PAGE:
Savage Harvest

Savage Harvest

Cryptkeeper's release of Eric Stanze's brutal 'Scrapbook' was without doubt the most daring and exciting releases of 2002, so I was somewhat excited at the prospect of checking out the release of Stanze's splatter flick 'Savage Harvest'. But would this film meet my high expectations of the standard that had been set by 'Scrapbook' or was I about to be somewhat disappointed?

As the film begins you realise very quickly that this is by no means in the same league as 'Scrapbook' but in fact is an all out low budget splatter flick very obviously inspired by everyone's favourite undead shemp classic 'The Evil Dead' but here the budget is debatably non existent. I wont go into the finer points of the plot as there isn't really one to be had, well I lie�take a group of group of young folk, send them out to spend the weekend in an old abandoned (but cursed) Indian reservation, send in some demons to possess said youngsters and let the gory fun commence!

And yes, pretty much the point of this movie is simply to act as a vehicle for its countless splatter set pieces, but is this enough to carry the movie as a whole? Well yes and no, depending on how tolerant you are for ultra low budget excess. The film bares no resemblance to what director Stanze is capable of, in fact plays very much like a school project - the acting is trashy, the plot is contrived and way too talky�but on the other hand the gore scenes are thoroughly entertaining and truly deliver the blood squirting, brain mulching goods! So approach this one with caution, perhaps strictly for the most forgiving splatter fans only.

Now how about the films presentation? Well following suit from the ultra no budget the film looks exactly like you would expect a shot on video production to look, i.e. like a video - sure the image is stable and clear enough but is lacking in colour and slightly grainy (obviously from the masters source). Annoyingly the audio doesn't fair much better with the spoken dialogue coming across quite muffly which means you're cranking the volume right up to try hear what the cast are saying only to swiftly turn the volume down again every time the music/effects kick in and drown everything else out!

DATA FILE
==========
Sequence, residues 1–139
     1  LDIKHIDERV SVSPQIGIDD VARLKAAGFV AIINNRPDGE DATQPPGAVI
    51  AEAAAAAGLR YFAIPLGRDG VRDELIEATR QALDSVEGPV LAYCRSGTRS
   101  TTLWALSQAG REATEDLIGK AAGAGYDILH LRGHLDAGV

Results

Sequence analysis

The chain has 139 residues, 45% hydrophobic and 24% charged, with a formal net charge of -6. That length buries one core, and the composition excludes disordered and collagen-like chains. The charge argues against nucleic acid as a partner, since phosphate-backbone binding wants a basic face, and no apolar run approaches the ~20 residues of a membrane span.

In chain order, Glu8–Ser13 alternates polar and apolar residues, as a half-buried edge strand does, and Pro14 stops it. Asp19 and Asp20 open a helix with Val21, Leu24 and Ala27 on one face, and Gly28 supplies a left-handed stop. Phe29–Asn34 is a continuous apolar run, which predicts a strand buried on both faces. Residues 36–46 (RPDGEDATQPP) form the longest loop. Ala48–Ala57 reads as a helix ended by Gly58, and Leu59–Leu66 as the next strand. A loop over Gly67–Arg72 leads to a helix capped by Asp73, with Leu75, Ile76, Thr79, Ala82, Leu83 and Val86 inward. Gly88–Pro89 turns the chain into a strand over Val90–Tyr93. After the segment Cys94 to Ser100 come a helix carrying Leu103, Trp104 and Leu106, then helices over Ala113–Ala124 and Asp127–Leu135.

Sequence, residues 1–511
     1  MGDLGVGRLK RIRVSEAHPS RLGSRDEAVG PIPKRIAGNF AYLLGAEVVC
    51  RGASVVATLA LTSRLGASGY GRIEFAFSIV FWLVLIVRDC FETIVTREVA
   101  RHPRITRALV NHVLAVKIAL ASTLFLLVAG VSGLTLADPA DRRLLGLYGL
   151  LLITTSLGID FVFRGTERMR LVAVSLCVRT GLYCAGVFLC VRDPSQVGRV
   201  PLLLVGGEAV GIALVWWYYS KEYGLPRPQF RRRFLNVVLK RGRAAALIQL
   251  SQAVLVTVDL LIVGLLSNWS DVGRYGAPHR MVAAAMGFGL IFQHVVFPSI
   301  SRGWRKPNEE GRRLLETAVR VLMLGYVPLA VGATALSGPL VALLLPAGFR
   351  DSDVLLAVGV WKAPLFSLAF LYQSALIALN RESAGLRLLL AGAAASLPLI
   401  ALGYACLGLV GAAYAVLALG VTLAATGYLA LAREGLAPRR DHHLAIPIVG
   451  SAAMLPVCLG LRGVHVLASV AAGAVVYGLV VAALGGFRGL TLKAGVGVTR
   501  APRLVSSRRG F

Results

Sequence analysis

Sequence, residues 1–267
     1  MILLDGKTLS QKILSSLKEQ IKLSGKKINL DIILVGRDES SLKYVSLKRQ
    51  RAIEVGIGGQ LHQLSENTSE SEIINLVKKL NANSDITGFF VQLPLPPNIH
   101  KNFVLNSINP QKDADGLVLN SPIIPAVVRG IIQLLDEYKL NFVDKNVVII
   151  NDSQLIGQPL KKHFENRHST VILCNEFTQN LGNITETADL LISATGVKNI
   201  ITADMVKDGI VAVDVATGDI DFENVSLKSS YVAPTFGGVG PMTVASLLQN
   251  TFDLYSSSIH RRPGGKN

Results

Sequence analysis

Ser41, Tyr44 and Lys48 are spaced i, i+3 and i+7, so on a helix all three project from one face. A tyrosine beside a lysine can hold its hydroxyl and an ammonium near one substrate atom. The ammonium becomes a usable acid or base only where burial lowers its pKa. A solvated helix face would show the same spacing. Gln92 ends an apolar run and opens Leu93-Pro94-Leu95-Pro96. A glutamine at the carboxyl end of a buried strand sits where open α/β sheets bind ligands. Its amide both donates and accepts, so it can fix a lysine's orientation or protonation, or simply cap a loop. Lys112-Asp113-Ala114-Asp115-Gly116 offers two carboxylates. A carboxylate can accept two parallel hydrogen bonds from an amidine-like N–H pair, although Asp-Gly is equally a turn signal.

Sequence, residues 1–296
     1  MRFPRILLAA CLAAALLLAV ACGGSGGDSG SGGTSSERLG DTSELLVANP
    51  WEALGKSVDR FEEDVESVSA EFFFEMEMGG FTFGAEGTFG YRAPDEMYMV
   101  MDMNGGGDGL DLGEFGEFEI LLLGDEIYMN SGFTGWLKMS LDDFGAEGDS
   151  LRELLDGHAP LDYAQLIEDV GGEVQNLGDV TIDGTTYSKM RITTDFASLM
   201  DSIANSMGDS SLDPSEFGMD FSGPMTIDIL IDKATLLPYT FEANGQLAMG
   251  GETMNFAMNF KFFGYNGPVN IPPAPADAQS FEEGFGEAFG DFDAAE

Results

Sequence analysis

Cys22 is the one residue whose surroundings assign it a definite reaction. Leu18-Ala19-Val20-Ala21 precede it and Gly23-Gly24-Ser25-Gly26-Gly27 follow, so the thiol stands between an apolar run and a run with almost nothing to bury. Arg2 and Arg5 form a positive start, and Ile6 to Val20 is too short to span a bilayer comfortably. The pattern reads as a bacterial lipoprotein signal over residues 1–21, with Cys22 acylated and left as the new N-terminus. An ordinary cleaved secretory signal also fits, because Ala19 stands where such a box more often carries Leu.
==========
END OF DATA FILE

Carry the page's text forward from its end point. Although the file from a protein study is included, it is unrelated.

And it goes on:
Sadly also (or perhaps some may say thankfully) every time I reached the last six minutes or so of the film the disc kept freezing up and gave up trying to play, though it doesn't look like I was missing anything (well it seemed about time the credits should be rolling) but I'm sure Cryptkeeper will address this problem with possible future repressings.

Extras? Yeah well there's a nice enough 11 minute 'behind the scenes' segment but by this point I had pretty much given up the ghost and was past caring about what I was viewing (well the audio level problems from the main feature were inherent here also).

It honestly pains me to say this, but after the brilliance of Eric Stanze's 'Scrapbook' and Cryptkeeper's equally perfect DVD release (which you must simply buy right now if you haven't already done so), 'Savage Harvest' whilst having many moments of gory fun is a great disappointment and again similarly Cryptkeepers presentation is unhappily a let down also. Well I suppose even the best can't always be so great - better luck next time.

Review by Alan Simpson

Released by Cryptkeeper
Region All - Pal
Not Rated
Audio - English
Extras :
Making of documentary